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Rev. Graham: Pence Attacked by LGBT & 'Liberal Media Who Don't Want Christians' Freedoms Protected'

Michael W. Chapman
By Michael W. Chapman | March 31, 2015 | 4:19 PM EDT

Evangelical leader Rev. Franklin Graham said that homosexuals, "liberal politicians" and the "liberal media" are attacking Indiana Gov. Mike Pence for seeking to protect religious freedom in the Hoosier state because they oppose such liberty and "don't want Christians' freedoms to be protected."

Screenshot of a March 31, 2015 Facebook post by Rev. Franklin Graham. (Facebook)

"The Governor of Indiana, Mike Pence, is taking a lot of heat for doing the right thing," said Rev. Graham in a Mar. 31 post on Facebook. "He signed into law the Religious Freedom Restoration Act, which protects the freedoms of Hoosiers of every faith."

"He is being attacked by the LGBT community, liberal politicians, and liberal media who don't want Christians' freedoms to be protected," said Rev. Graham, who heads the Billy Graham Evangelistic Association.

"Thank God for politicians like Governor Pence who are not afraid to take a stand regardless of the political consequences," the reverend continued. "We need more men like him in public office across the country and in Washington who are willing to stand for right over wrong."

Gov. Pence, a Republican, signed his state's version of the Religious Freedom Restoration Act into law last week, legislation that mirrors a federal law established in 1993 by Congress and signed into law by then-President Bill Clinton.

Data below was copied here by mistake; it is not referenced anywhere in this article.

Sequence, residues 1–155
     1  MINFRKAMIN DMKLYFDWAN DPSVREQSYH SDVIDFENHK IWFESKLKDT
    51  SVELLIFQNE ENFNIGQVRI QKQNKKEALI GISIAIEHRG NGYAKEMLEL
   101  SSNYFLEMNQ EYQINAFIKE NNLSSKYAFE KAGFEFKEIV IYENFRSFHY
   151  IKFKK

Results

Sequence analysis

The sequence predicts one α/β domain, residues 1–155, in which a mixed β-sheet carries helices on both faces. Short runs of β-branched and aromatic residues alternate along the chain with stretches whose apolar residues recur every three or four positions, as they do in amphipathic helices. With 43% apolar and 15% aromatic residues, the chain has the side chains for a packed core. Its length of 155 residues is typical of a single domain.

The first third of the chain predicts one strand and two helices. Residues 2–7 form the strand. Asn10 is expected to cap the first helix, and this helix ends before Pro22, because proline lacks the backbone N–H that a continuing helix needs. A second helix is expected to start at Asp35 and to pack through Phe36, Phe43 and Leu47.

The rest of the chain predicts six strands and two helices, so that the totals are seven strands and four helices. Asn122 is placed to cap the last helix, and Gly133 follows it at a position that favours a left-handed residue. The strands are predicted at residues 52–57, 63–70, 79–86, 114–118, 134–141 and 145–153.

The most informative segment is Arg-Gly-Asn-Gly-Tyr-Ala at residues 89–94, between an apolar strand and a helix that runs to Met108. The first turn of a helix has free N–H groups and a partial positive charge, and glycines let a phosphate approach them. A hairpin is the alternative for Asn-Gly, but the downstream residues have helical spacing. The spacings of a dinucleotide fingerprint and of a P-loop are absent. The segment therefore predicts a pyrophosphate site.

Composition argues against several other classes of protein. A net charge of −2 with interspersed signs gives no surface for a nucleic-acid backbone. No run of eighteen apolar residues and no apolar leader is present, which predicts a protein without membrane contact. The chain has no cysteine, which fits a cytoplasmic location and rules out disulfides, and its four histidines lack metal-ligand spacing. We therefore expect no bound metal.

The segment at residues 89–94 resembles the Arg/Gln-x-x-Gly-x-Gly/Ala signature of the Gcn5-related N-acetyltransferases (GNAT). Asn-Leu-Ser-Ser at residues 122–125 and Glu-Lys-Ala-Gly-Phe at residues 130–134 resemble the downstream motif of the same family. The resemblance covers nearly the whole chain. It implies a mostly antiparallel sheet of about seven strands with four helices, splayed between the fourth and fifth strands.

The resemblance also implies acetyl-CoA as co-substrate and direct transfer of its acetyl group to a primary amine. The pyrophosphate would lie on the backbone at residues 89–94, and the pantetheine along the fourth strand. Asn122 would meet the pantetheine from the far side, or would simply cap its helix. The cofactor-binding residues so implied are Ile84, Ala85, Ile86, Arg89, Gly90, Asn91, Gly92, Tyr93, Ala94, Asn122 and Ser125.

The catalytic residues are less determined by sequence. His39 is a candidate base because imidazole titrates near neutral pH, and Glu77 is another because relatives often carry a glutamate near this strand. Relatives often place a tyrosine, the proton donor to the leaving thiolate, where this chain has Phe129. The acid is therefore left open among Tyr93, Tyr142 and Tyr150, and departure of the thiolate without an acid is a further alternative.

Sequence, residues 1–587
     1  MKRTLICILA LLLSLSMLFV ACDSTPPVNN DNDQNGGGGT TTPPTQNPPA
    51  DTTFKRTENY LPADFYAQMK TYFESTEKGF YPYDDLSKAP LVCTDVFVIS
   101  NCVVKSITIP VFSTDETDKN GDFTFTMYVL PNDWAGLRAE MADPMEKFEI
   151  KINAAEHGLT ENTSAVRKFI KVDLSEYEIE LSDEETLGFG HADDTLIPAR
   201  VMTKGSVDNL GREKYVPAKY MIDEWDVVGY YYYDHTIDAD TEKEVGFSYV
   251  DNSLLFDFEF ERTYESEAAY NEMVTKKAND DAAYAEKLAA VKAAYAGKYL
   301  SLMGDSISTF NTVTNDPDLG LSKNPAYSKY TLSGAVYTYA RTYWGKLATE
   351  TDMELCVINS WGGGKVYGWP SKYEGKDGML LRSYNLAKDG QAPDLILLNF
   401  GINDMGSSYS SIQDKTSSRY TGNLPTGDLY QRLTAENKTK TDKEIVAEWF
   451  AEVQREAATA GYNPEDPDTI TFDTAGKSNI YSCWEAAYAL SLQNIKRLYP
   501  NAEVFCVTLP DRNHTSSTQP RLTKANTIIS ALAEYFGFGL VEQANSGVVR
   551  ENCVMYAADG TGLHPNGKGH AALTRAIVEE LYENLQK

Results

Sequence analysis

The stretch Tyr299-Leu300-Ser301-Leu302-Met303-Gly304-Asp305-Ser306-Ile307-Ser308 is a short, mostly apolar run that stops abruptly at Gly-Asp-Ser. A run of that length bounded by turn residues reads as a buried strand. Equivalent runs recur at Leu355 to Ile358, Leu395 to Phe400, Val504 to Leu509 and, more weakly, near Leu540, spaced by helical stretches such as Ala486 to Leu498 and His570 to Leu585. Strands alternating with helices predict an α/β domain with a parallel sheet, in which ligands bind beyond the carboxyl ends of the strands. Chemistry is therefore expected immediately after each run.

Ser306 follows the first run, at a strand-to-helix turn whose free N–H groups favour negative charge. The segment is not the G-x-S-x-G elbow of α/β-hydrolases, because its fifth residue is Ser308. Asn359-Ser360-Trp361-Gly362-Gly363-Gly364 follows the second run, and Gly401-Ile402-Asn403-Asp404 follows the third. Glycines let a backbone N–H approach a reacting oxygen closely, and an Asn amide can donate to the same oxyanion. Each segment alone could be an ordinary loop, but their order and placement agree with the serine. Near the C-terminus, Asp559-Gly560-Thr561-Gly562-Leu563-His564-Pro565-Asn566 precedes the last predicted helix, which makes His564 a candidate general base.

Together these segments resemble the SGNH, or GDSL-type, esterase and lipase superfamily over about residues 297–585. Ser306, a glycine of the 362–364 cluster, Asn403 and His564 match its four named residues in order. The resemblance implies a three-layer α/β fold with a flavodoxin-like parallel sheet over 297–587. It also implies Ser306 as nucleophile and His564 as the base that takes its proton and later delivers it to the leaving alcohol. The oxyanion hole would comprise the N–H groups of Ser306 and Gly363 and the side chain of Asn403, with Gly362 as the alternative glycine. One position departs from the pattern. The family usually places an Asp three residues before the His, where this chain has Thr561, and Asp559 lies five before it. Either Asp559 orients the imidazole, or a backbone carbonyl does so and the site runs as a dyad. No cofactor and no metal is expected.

Militant gays and other liberal activists protest Indiana's Religious Freedom Restoration Act. (AP)

The Religious Freedom Restoration Act, or RFRA, is designed to protect the free exercise of religion, and 19 states have RFRA laws, including Illinois, Rhode Island, Connecticut, Pennsylvania and Florida. An additional 12 states have RFRA-like protections, as reported in the Washington Post.

However, many gay activist groups, liberal politicians, and major voices in the liberal media have strongly objected to Indiana's law.  Former Secretary of State Hilary Clinton tweeted, "Sad this new Indiana law can happen in America today. We shouldn't discriminate against ppl bc of who they love."

Actor Ashton Kutcher on Mar. 26 tweeted, "Indiana are you also going to allow Christian establishments to ban Jews from coming in? Or Vice Versa? Religious freedom??? ."

Also, ABC's George Stephanopoulos harshly questioned Gov. Pence in a Mar. 29 interview, revealing an aggression (and disapproval) he rarely ever displays in interviews with liberal lawmakers.

On Tuesday, Mar. 31, Gov. Pence announced that he would like the Indiana General Assembly to pass legislation to amend the RFRA making it explicitly clear what the law protects and prohibits.

Rev. Franklin Graham, left, with his father, Pastor Billy Graham. (AP)

"After much reflection and in consultation with the leadership of the General Assembly, I've come to the conclusion that it would be helpful to move legislation this week that makes it clear that this law does not give businesses a right to deny services to anyone," said Pence at a Tuesday press conference.

"Let me say that again: I think it would be helpful -- I'd like to see on my desk before the end of this week, legislation that is added to the Religious Freedom Restoration Act in Indiana that makes it clear that this law does not give businesses a right to deny services to anyone."

Franklin Graham, 62, is the son of world-renowned evangelist Pastor Billy Graham. In addition to his work at the Billy Graham Evangelistic Association, Franklin Graham is president of the international Christian relief group Samaritan's Purse.

Michael W. Chapman
Michael W. Chapman
Michael W. Chapman

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